It has been one year since the International Conference on Harmonisation (ICH) updated its 2005 cardiac safety guidelines. The 2015 update allows for specific QT interval analysis based upon concentration effect modeling up to supratherapeutic during Phase I as a reasonable substitute for a Thorough-QT (TQT) dedicated trial. These Phase I data along with preclinical results are submitted to the FDA prior to Phase III as a waiver request from a separate TQT study. This is good news! A dedicated TQT study involving time-wise comparisons of baseline corrected data is an expensive and lengthy endeavor. It typically takes place after proof of concept but before Phase III. Collection of QT information during an existing Phase I study costs substantially less and can provide go/no-go decisions much earlier.
The purpose of gathering QT interval information has not changed. It is a regulatory requirement to evaluate the proarrhythmic potential of all small molecule noncardiac drugs that have systemic bioavailability. A prolonged QT is the accepted regulatory biomarker for drug-related torsades de pointes - a fatal ventricular arrhythmia. Currently, more than 90 drugs on the market are known to cause QT prolongation and have received appropriated labeling. Conversely, cardiotoxicity has been one of the main reasons for both non-approvals and market withdrawals in the last two decades.
Many drugs will benefit from QT evaluation during Phase I. However, certain drugs may not be good candidates for a TQT waiver strategy. These include drugs that: 1) have a positive hERG in preclinical development, 2) increase heart rate or have other autonomic effects, 3) require lengthy up-titration to achieve therapeutic levels, 3) have a delayed effect, or 4) are an extended release formulation. Additionally, the Phase I ECG data that are collected and analyzed must be similar to that of a dedicated TQT with interval analysis that uses a proven methodology. The model must also be predefined and include adequate data collected over a wide range of plasma concentrations from subtherapeutic to at least three to five times higher than exposures required to achieve efficacy. If these criteria cannot be met, a standard TQT study might be necessary.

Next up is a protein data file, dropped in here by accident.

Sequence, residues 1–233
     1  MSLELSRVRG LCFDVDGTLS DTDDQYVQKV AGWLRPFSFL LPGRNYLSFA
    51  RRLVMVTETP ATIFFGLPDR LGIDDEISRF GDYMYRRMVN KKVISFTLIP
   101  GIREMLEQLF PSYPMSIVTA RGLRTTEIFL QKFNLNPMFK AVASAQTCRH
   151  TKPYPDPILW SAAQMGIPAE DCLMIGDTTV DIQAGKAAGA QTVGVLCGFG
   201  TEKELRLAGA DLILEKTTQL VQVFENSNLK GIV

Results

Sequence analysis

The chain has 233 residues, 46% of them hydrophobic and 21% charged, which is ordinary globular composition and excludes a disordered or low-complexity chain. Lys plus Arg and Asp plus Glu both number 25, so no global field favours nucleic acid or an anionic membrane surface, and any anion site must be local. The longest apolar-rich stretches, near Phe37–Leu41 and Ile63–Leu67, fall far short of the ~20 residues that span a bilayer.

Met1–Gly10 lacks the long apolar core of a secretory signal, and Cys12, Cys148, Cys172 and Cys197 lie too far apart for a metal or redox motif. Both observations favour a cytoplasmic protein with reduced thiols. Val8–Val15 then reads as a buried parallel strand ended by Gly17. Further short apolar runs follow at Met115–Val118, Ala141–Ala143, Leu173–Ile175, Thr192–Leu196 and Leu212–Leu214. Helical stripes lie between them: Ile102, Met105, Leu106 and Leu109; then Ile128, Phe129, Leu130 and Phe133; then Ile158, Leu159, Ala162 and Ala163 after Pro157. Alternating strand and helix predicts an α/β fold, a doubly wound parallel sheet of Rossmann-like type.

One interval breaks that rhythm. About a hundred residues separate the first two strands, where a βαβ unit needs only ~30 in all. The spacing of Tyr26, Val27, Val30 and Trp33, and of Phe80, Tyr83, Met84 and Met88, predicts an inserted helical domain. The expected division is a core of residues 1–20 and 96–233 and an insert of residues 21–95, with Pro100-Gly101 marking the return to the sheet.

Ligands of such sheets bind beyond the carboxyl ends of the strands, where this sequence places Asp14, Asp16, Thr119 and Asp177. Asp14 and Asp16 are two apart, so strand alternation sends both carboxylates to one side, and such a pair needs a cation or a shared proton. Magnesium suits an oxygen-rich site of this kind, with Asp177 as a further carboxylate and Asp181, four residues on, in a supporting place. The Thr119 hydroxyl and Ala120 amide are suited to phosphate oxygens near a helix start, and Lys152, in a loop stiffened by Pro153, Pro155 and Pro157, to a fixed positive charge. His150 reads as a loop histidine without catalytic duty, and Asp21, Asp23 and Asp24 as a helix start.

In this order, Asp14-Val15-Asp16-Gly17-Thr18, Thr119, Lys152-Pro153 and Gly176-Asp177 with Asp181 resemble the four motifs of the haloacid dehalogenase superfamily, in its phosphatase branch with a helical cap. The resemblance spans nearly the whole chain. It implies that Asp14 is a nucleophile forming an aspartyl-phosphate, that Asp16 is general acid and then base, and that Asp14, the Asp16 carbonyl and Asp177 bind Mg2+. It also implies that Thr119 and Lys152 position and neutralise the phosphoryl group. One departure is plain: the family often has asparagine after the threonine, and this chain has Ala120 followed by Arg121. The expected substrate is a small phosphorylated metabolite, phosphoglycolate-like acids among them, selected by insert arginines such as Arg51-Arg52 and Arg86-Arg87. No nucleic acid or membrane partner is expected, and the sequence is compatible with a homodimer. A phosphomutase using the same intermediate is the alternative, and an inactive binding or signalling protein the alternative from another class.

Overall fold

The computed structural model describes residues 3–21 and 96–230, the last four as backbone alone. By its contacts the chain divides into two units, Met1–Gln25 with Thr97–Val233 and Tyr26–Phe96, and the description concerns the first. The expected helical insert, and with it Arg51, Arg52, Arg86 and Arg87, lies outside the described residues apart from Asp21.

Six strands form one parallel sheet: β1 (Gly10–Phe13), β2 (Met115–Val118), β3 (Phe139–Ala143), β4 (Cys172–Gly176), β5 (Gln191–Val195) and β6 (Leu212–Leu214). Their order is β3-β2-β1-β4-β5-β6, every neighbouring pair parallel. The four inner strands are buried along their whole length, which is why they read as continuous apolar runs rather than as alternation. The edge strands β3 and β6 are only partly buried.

|► Does the preclinical data support following a TQT waiver approach?
► Will incorporating a QT waiver into our FIH study result in a major study design modifications?
► We do not know our asset's clinical PK data yet. How do we include Exposure Response Modeling to capture QT data?
► Is a QT Waiver the best strategy to mitigate regulatory risk?
► Does collection of QT data during Phase I ensure my asset will qualify for a Waiver?
► When is the best time to collect QT Waiver data and how many subjects are required?
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